W3C

Ruby Annotation Under The Sunlight

(Updated on Friday 3 February 2006 to add valuable source of information given by Richard Ishida)

In the concepts of microformats, there is a key concept which is design for humans first, machines second. We have often been faced to the problem of giving a date that will be easy to read by human and will be easy to parse by a computer. Or maybe you would like to give the price of a product with values in two currencies? Or you would like to give the translation of a term in another language? How would you be able to do that in XHTML? Is there a simple way of associating different types of information with a simple semantic relationship.

There is a language for these applications which has been created in 2001 at W3C: Ruby Annotation.

About Ruby?

Ruby on the Web these days is known to be a programming language, a programmer working for IBM and I guess for most people, everywhere in the world, a red gemstone. In the context of W3C, Ruby is a simple markup language which offers the possibility of creating inline annotations, as described in the Ruby specification

Ruby is the term used for a run of text that is associated with another run of text, referred to as the base text. Ruby text is used to provide a short annotation of the associated base text. It is most often used to provide a reading (pronunciation guide). Ruby annotations are used frequently in Japan in many kinds of publications, including books and magazines. Ruby is also used in China, especially in schoolbooks.

Ruby text is usually presented alongside the base text, using a smaller typeface. The name “ruby” in fact originated from the name of the 5.5pt font size in British printing, which is about half the 10pt font size commonly used for normal text.

You will find a lot of answers to your questions in the FAQ about Ruby.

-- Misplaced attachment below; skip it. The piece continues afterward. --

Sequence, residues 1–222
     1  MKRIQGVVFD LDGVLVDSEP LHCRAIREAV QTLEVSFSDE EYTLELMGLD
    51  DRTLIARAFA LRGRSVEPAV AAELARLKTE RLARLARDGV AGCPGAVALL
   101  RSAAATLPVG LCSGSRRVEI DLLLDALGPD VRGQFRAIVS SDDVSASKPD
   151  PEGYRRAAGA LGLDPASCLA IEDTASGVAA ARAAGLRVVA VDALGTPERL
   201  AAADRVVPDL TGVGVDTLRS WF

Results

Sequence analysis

Use Cases for Ruby Annotation

We asked Felix Sasaki, working in the W3C Internationalization Activity to give us a set of use cases for Ruby Annotation. These examples are viewable with Firefox and this XPI extension for Ruby.

Date

You might want to represent a date and give information about the different parts of the date on a package to be sure that no mistakes will be made.

  • Ruby base: Thursday 2 2 2006
  • Explanations: This is an expiration date with the following sequence: a day name, the day, the month and the year.

See example

Japanese use

In Japan, when you learn the language, you may need to give the sound equivalent of the words in a specific scripting system, so readers will be able to pronounce it.

  • Base text: “??”
  • Ruby as pronounciation description with Hiragana “???”, Katakana “???” or Romaji “nihon”

How to write it?

<p><ruby>
  <rb>日本</rb>
  <rt>nihon</rt>
</ruby></p>

See example for the rendering.

Chinese use

In a similar way for chinese language.

  • Base text: ?
  • Ruby as pronunciation description with pin-yin “hao”

See example

Linguistic morphological glossing

You might want to explain in a sentence which part is a noun and which part is a verb. For example, at school, when you teach grammar to children.

  • Base text: “I like fish”
  • Ruby as morphological glossing: Noun (for “I”) Verb (for “like”) Noun (for “fish”)

See example

Expression of “invisible” units in a text